Big business calls for more vaccine advice

Treasurer Josh Frydenberg has defended leaving most businesses that make coronavirus vaccination mandatory at the mercy of courts.

The Morrison government is resisting pressure to grant legal protections to employers which force workers to be immunised.

Mr Frydenberg said some exemptions had been made through public health orders for aged care and quarantine staff.

But he pointed to workplace regulators’ guidelines to inform individual businesses about whether mandating vaccines was reasonable, which could be tested in court.

“We have a broad principle, and that principle is that the vaccine is voluntary not mandatory,” Mr Frydenberg told the Seven Network on Tuesday.

Factors including contact with vulnerable people, customers who could be infected or public-facing nature of some workplaces are likely to be considered.

Australian Industry Group chief executive Innes Willox agreed with employment experts that government inaction could lead to a lawyers’ picnic.

“If government won’t do it, some businesses are just going to have to take the punt as it were and mandate it,” he told ABC radio.

“Then we’ll see the consequences through the court. It will just get very messy.”

Australian Council of Trade Unions secretary Sally McManus said employers should not have the right to mandate medical procedures without public health orders.

“Forget about this pandemic, if all of a sudden any employer could insist that employees have vaccination and medical procedure – that type of thing – that is a slippery slope,” she told the ABC.

Canned food producer SPC is the first non-health business to ban unvaccinated employees, with the measure to come in from the end of November.

Mr Willox urged the federal government to provide clear guidance through public health orders.

The Australian Medical Association is concerned an indemnity scheme for doctors administering AstraZeneca jabs is not yet finalised.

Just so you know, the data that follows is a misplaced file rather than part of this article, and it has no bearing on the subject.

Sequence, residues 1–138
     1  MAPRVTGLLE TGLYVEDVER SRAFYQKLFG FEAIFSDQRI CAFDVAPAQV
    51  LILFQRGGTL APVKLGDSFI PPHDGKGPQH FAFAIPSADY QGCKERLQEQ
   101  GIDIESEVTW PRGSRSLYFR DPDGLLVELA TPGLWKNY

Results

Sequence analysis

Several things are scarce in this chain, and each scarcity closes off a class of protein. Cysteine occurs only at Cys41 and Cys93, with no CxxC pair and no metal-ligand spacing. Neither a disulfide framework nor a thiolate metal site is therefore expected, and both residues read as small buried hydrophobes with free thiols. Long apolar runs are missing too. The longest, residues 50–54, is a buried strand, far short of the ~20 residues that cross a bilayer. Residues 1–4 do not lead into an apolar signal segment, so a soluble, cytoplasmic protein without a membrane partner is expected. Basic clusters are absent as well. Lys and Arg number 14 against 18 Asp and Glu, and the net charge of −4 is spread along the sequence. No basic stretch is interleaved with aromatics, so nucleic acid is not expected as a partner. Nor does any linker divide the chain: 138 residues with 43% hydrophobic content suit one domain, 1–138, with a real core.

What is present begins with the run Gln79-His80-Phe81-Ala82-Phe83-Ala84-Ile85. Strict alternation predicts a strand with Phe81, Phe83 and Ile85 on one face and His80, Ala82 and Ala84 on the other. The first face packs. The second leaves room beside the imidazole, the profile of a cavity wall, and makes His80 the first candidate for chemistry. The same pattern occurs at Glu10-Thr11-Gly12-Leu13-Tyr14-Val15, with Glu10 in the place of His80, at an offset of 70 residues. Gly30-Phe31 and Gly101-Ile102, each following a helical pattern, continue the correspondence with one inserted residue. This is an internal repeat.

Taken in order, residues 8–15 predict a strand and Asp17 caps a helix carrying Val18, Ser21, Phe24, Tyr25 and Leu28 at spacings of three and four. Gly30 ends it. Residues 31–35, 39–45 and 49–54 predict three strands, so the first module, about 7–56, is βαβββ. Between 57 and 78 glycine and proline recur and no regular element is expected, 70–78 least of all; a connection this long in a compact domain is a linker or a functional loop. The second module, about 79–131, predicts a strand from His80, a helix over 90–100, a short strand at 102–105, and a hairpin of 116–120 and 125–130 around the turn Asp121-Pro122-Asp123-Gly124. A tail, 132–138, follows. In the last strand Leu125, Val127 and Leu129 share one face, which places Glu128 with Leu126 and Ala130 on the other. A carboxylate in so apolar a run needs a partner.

While the government insists doctors are protected, the AMA believes GPs could be liable for payouts without a scheme locked in. 

Australia has fully vaccinated 22.5 per cent of people aged 16 and over with 13.7 million doses administered since February.

Moderna will be the third weapon in the nation’s vaccine arsenal after receiving approval from medical regulators on Monday, joining Pfizer and AstraZeneca.

Therapeutic Goods Administration boss John Skerritt said Moderna was 93 per cent effective against infection.

He said the vaccine was between 98 and 100 per cent effective against hospitalisation and death respectively.

“It’s impressive,” he told ABC TV.

“What’s also impressive is that some of the studies that have followed its effectiveness six months out have shown that there’s no real significant decline.”

There were 20 new cases in Melbourne on Tuesday with all linked to the existing outbreak.

Regional Victoria’s lockdown has lifted after consecutive days without recording new infection.

The coronavirus crisis in NSW continues with 283 new local infections and one death reported on Monday.


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